Kylee Shea returned to school Tuesday, just two weeks after she passed out in the school’s hallway and her heart stopped.
“I kind of felt odd,” said Kylee, who is from Frisco, Texas. “So I decided to sit down.”
But before she could take a seat, Kylee, 12, blacked out and fell to the floor. She began gasping for air and her heart stopped. Doctors determined Kylee suffered from arrhythmia, or irregular heart beat. No one knows what caused it. As a precaution, doctors implanted a pacemaker.
Kristin Goodgion, a coach at Kylee’s school, was by her side within seconds.
“This could be my child,” Goodgion said. “That’s the whole thing that’s running through our heads the whole time, is Kylee needs us.”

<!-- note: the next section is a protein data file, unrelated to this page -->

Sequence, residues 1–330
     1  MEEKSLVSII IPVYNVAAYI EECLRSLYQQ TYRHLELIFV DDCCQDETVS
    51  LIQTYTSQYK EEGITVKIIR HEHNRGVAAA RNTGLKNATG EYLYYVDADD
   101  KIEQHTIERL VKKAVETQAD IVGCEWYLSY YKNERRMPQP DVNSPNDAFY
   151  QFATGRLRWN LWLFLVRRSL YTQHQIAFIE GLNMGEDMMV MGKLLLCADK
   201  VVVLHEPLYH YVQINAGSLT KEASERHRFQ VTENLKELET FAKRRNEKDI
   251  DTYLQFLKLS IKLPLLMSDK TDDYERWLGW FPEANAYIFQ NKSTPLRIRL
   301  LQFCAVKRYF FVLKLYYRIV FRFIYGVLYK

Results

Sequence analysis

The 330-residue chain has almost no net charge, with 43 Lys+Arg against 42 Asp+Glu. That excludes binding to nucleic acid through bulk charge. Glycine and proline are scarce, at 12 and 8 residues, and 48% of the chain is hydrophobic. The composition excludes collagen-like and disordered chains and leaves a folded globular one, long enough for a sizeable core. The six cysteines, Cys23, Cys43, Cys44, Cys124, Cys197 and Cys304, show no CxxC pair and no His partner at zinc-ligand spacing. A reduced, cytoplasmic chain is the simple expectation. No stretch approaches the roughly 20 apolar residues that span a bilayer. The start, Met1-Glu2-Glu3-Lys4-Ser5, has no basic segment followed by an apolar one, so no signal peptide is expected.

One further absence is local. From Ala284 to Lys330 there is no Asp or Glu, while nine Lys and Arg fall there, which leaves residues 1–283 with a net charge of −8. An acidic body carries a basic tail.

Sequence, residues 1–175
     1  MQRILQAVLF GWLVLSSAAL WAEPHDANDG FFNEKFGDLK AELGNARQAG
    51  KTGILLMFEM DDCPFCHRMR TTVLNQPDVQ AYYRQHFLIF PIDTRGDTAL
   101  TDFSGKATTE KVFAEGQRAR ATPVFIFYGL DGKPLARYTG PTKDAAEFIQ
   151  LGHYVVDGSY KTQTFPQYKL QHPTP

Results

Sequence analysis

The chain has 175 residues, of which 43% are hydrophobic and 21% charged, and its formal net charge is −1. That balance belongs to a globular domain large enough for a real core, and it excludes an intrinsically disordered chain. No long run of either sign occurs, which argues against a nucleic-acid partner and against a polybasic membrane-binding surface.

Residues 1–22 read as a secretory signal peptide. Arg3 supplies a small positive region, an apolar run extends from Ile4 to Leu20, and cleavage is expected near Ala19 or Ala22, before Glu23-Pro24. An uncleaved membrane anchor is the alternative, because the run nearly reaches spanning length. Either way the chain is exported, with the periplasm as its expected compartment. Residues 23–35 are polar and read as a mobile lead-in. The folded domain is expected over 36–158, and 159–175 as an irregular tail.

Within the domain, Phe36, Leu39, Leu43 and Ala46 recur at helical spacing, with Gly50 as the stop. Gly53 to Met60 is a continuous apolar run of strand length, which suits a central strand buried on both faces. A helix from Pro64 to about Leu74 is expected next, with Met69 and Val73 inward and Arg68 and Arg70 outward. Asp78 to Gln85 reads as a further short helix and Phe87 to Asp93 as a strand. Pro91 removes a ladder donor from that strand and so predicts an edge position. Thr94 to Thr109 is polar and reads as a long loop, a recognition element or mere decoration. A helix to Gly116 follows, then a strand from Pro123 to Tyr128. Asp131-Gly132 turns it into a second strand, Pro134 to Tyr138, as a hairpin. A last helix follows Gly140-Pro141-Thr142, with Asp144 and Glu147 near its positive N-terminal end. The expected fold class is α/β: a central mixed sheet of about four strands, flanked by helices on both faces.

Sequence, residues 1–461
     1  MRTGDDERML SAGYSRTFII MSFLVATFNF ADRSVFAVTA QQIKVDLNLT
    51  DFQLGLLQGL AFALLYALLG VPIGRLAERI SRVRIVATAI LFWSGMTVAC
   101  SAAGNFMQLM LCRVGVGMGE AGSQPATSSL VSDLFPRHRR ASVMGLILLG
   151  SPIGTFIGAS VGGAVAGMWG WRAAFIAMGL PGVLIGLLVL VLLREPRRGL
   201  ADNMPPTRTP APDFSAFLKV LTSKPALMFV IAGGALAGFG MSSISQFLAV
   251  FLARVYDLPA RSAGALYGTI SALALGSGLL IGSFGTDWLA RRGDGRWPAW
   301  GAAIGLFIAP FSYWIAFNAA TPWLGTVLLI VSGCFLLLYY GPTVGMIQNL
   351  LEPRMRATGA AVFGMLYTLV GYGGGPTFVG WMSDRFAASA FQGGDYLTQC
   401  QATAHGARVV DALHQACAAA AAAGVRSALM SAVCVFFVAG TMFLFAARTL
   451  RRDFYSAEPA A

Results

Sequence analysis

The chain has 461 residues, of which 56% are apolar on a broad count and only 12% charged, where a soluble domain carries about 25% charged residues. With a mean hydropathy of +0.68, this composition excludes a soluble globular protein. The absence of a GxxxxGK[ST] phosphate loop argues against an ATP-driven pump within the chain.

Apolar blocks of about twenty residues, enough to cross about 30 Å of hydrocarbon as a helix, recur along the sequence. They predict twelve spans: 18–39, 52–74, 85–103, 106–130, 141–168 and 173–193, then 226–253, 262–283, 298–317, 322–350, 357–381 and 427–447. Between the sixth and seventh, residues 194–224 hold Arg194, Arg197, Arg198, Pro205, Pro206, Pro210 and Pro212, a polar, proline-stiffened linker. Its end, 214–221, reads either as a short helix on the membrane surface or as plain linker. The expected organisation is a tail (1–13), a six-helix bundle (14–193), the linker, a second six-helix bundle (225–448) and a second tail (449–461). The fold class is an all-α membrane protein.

Brent Reese, another coach, was also on the scene a few minutes later.
“She was pale, her lips started turning blue,” Reese said.
The coaches quickly noticed CPR alone wasn’t working. Goodgion had the idea to use an automated external defibrillator, also known as an AED.
After two shocks from the AED, Kylee began breathing again.
AED’s are mandatory on school campuses in Texas. A state law passed in 2007 requires at least one in each school. It also mandates that every coach and nurse be trained to use it.
But only a handful of states require them in every school.
Kylee’s family wants to raise awareness about AEDs, so that more schools will get one. Without the AED and the coaches she may have survived.
“Without them, I probably wouldn’t be here,” Kylee said. “I just want to say thank you.”